Sunday meeting at 2 oclock[.] as I passed down the camp <I saw> whole lines of clean clothes[.] thinks I to myself we are like the [-] who always worked Saturday before [lie...d.] as I passed along there a little bend I saw poles sticking here & there & every where resembling a bean patch[.] as I drew nearer the bean hills proved to be a man not neighbor[.] dirty face of yesterday but clean men[.] Several others gathered with their [....] strings strewed in the air about their heads & very easily be mistook for bean poles[.] there was a very respectable congregation assembled but our crowd could barelly be recognized[.] so much hard soap & water changed the scene[.] after being seated a few minutes some one sung out at the right go ahead[.] on looking round I saw boys rolling waggon wheels & a little ferther on a huge fiers of bellows therein & a black Smith Shop & some 15 men in it & fineally we meeting <here> were in it[.] Shurly it equalls Sabbaths out here on the prairie[.] we herd a very good meeting[.] father Smith spoke about taking care of our children so the Indians need no steel them[.] br. Lz young br. Snow & others[.] we are now in the neighborhood of Indians[.] keep a strong guard[.] Some 24 out of each watch[.] Meeting at 6 to take into consideration the order of traveling the ensuing week[.] after much deliberation it was motioned & carried that the 1st 100 retire in the <box or weets> rear & Sec one to the end of the chapter[.] that each 100 may have a chance of breaking the road & going to bed without supper[.] P P Pratte remarked that he for one was willing to be the other[.] manifested a less magnanous spirit[.] General Rich objected if he went behind he should have to have more teams[.] brother Crisman remarked it was well spoken & if they who went behind a little had to be helped to a more teams they who went behind all the time must be helped more abundently or be left &tc[.] when will all the Saints learn this great & important lesson that all things whatsoever ye would others should do unto you do ye even So unto them

Monday & Tuesday passed on very quietly[.] good weather & good roads after we make them[.] gone passed the Missionary Station & even the Pawnees deserted village[.] we travelled as far as this last year[.] at that time the S[i]oux had been down and burned a great portion of their city[.] they repaired it again a measure with our assistance[.] they have been upon them again[.] killed some 20 of their men & burned the residue of their city[.] it contained about 4,000 inhabitants[.] some of their lodges were Spacious & convenient & constructed with considerable ingenuity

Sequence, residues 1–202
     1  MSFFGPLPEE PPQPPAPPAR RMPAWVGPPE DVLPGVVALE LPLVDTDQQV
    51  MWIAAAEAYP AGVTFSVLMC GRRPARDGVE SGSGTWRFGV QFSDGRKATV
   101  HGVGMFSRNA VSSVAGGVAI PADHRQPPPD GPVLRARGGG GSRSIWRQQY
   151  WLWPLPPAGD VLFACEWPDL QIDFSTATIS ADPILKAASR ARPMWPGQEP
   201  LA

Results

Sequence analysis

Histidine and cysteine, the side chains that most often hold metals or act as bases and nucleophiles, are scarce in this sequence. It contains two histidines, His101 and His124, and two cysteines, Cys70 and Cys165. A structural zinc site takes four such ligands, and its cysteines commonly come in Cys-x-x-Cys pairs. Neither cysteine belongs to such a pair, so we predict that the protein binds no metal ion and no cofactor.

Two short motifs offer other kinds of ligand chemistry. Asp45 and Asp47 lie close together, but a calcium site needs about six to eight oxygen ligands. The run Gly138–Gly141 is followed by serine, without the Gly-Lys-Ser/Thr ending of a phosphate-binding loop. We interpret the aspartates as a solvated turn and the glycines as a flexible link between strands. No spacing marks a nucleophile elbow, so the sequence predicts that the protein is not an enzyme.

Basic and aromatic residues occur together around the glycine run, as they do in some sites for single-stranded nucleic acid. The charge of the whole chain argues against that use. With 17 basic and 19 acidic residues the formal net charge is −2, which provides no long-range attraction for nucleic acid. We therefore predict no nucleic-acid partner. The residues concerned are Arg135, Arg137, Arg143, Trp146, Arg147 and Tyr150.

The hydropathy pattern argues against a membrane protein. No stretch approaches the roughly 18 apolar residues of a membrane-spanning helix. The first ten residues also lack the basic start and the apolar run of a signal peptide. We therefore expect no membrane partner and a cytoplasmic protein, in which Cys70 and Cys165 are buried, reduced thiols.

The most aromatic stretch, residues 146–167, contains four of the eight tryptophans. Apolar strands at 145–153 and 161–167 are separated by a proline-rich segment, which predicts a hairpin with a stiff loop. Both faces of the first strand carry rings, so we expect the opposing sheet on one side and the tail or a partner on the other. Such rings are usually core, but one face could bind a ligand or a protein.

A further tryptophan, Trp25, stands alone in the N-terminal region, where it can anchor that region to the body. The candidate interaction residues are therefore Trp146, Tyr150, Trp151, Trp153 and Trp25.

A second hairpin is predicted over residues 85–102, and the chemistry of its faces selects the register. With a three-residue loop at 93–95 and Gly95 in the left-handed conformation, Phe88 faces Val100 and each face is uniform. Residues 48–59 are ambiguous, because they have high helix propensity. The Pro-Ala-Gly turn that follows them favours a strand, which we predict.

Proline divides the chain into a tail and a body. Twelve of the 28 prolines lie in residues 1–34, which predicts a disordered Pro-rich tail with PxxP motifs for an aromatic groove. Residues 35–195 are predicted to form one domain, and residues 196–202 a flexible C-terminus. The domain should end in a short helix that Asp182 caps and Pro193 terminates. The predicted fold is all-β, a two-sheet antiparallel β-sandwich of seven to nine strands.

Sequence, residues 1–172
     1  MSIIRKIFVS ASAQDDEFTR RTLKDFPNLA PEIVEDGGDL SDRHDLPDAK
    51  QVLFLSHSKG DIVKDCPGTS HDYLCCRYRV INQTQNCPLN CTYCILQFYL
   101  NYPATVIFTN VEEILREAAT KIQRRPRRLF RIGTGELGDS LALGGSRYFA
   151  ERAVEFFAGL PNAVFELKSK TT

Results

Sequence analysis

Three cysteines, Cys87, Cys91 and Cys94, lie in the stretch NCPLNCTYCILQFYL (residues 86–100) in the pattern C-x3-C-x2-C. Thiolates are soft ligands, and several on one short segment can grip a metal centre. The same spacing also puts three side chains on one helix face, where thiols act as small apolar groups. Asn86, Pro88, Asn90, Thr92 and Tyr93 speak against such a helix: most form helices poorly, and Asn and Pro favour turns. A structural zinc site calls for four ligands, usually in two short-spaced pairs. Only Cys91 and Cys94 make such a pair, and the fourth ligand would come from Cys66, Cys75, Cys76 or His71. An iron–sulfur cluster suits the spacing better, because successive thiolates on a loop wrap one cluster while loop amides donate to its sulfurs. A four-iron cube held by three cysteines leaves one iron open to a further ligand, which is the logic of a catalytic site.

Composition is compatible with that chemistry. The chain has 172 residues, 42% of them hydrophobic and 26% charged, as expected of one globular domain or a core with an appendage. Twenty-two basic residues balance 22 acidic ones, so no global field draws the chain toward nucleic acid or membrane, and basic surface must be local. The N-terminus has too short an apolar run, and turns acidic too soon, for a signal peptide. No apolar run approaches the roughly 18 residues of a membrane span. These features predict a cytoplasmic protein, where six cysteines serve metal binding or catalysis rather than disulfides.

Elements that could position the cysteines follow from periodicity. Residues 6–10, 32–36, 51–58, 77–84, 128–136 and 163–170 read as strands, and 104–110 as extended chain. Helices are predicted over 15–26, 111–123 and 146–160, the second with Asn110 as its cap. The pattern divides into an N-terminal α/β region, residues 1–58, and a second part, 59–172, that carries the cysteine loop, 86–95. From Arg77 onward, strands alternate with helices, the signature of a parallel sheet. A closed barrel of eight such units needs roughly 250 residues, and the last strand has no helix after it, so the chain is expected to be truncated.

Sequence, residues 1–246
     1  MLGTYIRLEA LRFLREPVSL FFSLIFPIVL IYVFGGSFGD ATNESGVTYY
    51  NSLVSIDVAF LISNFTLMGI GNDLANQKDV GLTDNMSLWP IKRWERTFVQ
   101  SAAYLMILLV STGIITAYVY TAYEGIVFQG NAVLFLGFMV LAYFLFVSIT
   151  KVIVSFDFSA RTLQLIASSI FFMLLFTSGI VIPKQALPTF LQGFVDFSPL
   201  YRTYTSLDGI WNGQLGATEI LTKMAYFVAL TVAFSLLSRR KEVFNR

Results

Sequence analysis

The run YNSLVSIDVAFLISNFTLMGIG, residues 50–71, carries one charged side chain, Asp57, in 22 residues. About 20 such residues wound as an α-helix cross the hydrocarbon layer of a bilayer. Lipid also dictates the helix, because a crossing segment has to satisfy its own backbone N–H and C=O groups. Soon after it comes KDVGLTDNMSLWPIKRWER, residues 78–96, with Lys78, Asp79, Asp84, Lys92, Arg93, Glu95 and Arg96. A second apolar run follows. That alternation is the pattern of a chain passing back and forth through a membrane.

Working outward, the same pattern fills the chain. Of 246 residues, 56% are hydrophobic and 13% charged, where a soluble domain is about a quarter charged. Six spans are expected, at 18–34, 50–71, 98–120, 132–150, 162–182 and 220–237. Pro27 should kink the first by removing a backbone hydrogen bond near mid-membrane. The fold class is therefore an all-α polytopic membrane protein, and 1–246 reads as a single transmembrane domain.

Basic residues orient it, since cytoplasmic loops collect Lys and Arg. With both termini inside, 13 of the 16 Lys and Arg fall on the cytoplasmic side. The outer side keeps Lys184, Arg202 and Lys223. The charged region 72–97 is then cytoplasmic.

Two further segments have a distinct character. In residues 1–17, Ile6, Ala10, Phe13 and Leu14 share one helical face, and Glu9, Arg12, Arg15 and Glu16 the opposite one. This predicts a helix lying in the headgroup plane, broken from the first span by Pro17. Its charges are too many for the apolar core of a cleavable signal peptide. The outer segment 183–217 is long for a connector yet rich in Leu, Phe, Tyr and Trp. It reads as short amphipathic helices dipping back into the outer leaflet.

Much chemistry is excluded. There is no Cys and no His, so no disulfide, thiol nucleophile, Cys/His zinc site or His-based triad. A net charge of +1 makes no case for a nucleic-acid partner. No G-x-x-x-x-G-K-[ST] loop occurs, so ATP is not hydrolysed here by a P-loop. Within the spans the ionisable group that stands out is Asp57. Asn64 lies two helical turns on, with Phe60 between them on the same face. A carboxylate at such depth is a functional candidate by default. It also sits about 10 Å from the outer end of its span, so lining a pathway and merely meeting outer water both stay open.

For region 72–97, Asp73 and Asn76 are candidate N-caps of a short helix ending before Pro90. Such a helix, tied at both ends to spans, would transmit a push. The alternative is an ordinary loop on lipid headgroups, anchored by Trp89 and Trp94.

wednesday 29 we are following up the loop in Search of a ford

thursday Stoped about noon & the captancy went in Search of a ford[.] after riding up & down 8 or 10 miles they found a tolerable ford but a mighty crooked one[.] the loop is about a half a mile circle[.] the reed company came up & knowing they wanted be the last to go over drove down to the river & camped for the next day[.] As we drove down further moving through there lines to the ford they presented to our view the appearance of Some busy Street in cities with all manner of business going on & all manner of merchandise before their doors[.] We all got over without accident & drove out into the plains & campt without wood or water except the more provident person who like the ant that prepared his meal in summer had been careful to fetch along a little of the two things needful[.] we made out tolerably well for Supper & breakfast & friday morning Started a bee line for the Platt[e]

[Friday] we travelled along over a dry sandy prairie with a strong wind filling all eyes with dust[.] Taylor leading the train onto bee line[.] Sometimes resembling the windings of a Serpent which upon a motion was made[.] then Taylor making his pretty straight another one breaking ahead & seeing the circle motion we Straighten them and suiting the motion to the word cut cross lots & heaved a mile or so[.] at night a tremendous Shower & we campt again on the prary[.] last night went to bed Supperless & what was worse got up this morning breakfastless[.] Some crying among the children[.] we churned & drank the buttermilk[.] Father Garr burned his hen coop & made some thick milk[.] for how they all made out is not my province to know but presume they managed as ingeniously as the circumstance would allow[.] we hitched up & commenced march when we observed the front is in the rear & another Swung out nevermind the rear is in front & we are in order Still[.] the order of march during the storm & the night had been completely reversed & br Pratte who had been traveling in the rear all the week was seen way ahead wending his way very quietly towards the Platt[e.] we crossed a small Stream on a gravel bridge & birdeyed on for the timber[.] we moved tolerable slow a good many hinderingly[.] towards Night the men got pretty hungry & some cross & mudy[.] a great many noticing some pretty [apt] ones[.] one old man who in all probability felt necessary to leave his bones the other side of the Mountains after waiting our big younger brethren a long time with all due humility & patience motioned that he be put in the hundred that would go ahead[.] we reached the Platt[e] about dark & campt for the feeblest <which were the young>[.] we have made about 170 miles in 2 weeks

Sunday wash iron bake & meeting officers[.] met at 6 to talk over the order of march the ensuing week[.] when it was resolved that we roll by hundreds according to circumstances that the prairies were wide & if our company could pass the others without interfering they Should have the liberty &tc to do & might camp when it came night with bringing up the rear but Should endeavor to camp together on the Sabbath